We’re giving you a hint on what’s changing the world of wine — Bright Cellars. Wine drinkers want wine suited to their unique taste preferences, not the wines that some snobby expert thinks they should be drinking. That’s why Bright Cellars sources its wines based on what their members want, so you’re always sure to love your monthly matches.
A tribe in the Pacific island nation of Vanuatu is in mourning after the death last week of Britain’s Prince Philip, who they revered as a god. The Prince Philip Movement has existed for 50 years in two villages, and is believed to have a few hundred followers. In 1974 the prince visited the area with Queen Elizabeth II, and reportedly took part in local ceremonies. According to anthropologists, Philip is seen as the reembodiment of a powerful mountain spirit, and for the next few weeks the villagers will conduct rites for the Duke, whose funeral is set for Saturday.
2. Cambodia Slams ‘Vice’ for Edited Khmer Rouge Photos
Phnom Penh has condemned Vice magazine after it ran digitally altered photos of Khmer Rouge prisoners. In Friday’s article, black and white photos of Cambodians who died at the notorious Tuol Sleng prison were colorized, apparently “to humanize” the victims. They were also given smiles, which prompted the Ministry of Culture to call for Vice to remove the story, saying it “manipulated” history. Some 1.7 million Cambodians died during the ultra-Marxist regime. Today, the article has been removed from the site, with the magazine saying it regretted “the error.”
3. Ingenuity’s First Mars Flight Delayed After Hiccup
NASA has delayed the first flight of its Mars helicopter until Wednesday after issues with a high-speed blade test. The drone was supposed to make its inaugural flight yesterday, after being dropped on the red planet recently. The four-pound helicopter, named Ingenuity, will fly for about 40 seconds when it does launch, with earthlings able to watch a livestream of the momentous event — the first guided flight on another planet. Meanwhile, the United Arab Emirates announced it was sending the first female Arab astronaut, Nora Al Matrooshi, to train with NASA.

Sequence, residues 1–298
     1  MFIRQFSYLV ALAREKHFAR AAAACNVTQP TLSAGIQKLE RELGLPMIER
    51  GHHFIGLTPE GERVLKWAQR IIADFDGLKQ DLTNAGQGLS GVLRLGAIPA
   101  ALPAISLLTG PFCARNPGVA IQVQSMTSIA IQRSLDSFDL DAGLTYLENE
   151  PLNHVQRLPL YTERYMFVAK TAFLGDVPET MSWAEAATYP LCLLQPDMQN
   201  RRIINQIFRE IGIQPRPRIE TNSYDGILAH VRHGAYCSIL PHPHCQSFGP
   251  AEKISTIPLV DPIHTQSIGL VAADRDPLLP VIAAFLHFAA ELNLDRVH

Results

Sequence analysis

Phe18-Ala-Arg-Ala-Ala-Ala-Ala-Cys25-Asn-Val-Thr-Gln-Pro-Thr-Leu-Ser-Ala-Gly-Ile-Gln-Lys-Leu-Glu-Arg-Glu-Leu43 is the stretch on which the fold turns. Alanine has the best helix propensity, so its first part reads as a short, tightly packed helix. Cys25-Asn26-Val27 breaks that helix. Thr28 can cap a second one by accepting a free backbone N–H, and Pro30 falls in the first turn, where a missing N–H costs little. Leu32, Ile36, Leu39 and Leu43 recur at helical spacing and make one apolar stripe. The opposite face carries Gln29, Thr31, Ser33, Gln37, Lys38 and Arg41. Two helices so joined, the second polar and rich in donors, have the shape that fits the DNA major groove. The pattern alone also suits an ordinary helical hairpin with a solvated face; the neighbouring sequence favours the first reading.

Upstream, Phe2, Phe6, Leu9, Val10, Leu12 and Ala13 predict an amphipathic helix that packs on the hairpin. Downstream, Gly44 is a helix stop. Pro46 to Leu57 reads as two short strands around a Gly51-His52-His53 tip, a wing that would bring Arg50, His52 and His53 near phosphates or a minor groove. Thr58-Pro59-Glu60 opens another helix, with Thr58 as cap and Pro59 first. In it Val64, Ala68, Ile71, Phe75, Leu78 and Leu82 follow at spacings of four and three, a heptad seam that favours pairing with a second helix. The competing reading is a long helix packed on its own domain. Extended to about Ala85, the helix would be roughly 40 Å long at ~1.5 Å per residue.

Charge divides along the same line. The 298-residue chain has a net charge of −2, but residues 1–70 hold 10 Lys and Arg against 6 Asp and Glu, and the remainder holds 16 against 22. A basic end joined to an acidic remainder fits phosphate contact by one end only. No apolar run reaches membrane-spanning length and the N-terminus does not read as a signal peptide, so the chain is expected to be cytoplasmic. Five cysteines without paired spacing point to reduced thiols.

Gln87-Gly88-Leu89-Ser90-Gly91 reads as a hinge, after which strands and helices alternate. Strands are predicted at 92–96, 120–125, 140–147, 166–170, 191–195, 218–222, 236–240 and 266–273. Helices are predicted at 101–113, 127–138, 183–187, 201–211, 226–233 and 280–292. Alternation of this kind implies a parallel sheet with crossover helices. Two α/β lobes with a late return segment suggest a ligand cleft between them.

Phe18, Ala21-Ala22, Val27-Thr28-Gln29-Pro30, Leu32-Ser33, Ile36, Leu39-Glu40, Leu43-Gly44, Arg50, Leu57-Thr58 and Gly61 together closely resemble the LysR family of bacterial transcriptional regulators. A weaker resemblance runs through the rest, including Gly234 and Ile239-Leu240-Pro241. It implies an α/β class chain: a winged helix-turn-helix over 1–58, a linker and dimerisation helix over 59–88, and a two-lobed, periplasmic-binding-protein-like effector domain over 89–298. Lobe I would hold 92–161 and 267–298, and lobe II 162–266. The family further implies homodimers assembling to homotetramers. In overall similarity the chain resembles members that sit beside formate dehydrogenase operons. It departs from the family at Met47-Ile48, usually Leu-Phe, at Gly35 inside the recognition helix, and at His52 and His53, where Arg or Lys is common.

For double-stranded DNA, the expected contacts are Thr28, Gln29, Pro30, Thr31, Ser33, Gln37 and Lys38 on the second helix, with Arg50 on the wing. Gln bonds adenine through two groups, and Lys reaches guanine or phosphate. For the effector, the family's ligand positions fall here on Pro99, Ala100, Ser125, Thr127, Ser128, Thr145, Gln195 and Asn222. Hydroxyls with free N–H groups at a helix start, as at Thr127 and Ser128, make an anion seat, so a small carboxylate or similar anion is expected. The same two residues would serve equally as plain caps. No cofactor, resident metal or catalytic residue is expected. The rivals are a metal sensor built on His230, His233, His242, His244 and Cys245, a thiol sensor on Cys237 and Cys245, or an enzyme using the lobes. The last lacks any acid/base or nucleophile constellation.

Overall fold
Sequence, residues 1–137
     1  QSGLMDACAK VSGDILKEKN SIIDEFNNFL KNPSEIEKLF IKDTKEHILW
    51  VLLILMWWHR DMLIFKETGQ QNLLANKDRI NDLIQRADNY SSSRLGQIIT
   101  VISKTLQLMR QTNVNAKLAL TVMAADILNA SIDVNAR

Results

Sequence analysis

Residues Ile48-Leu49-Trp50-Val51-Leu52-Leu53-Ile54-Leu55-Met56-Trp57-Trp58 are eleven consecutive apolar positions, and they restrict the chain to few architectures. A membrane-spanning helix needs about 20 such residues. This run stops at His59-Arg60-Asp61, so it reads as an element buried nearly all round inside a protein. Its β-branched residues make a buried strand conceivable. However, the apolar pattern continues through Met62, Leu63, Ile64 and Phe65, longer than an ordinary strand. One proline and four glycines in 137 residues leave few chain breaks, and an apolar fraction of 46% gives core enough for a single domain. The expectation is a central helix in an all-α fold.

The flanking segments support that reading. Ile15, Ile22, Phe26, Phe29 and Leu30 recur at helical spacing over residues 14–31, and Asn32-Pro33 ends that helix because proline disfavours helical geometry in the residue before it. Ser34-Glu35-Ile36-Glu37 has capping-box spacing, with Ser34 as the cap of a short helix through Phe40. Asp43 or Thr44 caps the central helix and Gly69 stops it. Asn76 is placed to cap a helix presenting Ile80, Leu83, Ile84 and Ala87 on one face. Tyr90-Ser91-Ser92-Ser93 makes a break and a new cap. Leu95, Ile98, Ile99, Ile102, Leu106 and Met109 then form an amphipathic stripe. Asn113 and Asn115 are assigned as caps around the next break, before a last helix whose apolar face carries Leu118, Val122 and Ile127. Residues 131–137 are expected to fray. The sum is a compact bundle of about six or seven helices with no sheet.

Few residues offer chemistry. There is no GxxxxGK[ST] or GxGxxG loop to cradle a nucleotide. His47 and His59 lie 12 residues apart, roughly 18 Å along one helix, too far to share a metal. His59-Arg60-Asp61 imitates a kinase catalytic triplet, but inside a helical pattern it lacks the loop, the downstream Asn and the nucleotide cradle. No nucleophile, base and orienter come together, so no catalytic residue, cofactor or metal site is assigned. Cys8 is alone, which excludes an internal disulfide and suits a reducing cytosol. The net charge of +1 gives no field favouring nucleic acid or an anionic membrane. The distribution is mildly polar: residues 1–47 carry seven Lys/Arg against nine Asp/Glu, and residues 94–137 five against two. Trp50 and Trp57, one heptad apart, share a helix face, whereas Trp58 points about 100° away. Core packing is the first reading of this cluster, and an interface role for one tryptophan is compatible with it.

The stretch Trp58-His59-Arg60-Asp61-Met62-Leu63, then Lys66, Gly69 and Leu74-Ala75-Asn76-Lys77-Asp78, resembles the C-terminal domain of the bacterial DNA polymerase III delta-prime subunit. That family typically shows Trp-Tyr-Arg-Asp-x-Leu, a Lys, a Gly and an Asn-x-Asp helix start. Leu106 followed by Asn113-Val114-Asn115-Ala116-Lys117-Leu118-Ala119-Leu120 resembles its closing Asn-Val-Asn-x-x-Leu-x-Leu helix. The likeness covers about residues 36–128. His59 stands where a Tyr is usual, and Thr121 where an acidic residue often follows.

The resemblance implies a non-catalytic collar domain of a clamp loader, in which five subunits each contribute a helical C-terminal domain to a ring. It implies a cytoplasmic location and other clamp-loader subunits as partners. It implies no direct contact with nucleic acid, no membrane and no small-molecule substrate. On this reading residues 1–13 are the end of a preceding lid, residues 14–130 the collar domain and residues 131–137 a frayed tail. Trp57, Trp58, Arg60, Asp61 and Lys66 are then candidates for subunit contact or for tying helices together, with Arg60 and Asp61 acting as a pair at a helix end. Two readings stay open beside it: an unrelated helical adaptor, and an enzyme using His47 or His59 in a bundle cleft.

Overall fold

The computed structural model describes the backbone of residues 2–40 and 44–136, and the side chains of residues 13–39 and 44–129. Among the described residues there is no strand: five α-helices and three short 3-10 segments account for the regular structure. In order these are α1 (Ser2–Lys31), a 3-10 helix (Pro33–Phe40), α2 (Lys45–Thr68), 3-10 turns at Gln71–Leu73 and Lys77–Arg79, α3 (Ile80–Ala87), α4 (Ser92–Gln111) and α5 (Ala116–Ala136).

4. ‘Nomadland’ Leads BAFTAs as Prince William Sits Them Out
Nomadland’s Chloé Zhao last night became the second woman to win best director at the BAFTAs, Britain’s version of the Oscars. The film scooped the lion’s share of the prizes at the virtual ceremony, taking best picture, with best actress going to its star, Frances McDormand. Anthony Hopkins won best actor for The Father, while Daniel Kaluuya got the best supporting actor BAFTA for his role in Judas and the Black Messiah. Prince William, who serves as president of the BAFTAs, canceled his participation this year after the death of his grandfather, Prince Philip, who previously held the role.
Which film deserves the Oscar for best picture this year? Tell us in the PDB poll or on Twitter.
5. ‘Matsu-mania’ for Japan’s First US Masters Winner
Hideki Matsuyama is the first Japanese winner of the U.S. Masters following a 1-over 73 one-shot win over American Will Zalatoris on Sunday, at Georgia’s Augusta National. The 29-year-old, with a devoted following at home, is the 25th ranked player in the world. It’s a boost for Japan ahead of the July Olympics, following an 85-year wait for a major men’s golf winner, after the country sent its first player to the Masters in 1936. Golf champion Tiger Woods, who is recovering after a car accident, congratulated Matsuyama, tweeting his win would “impact the entire golf world.”
Join the coolest new streaming platform. With CuriosityStream you can dive into history and explore nonfiction films and series. Interested in other topics? They have thousands of documentaries on topics ranging from food to space exploration to animals.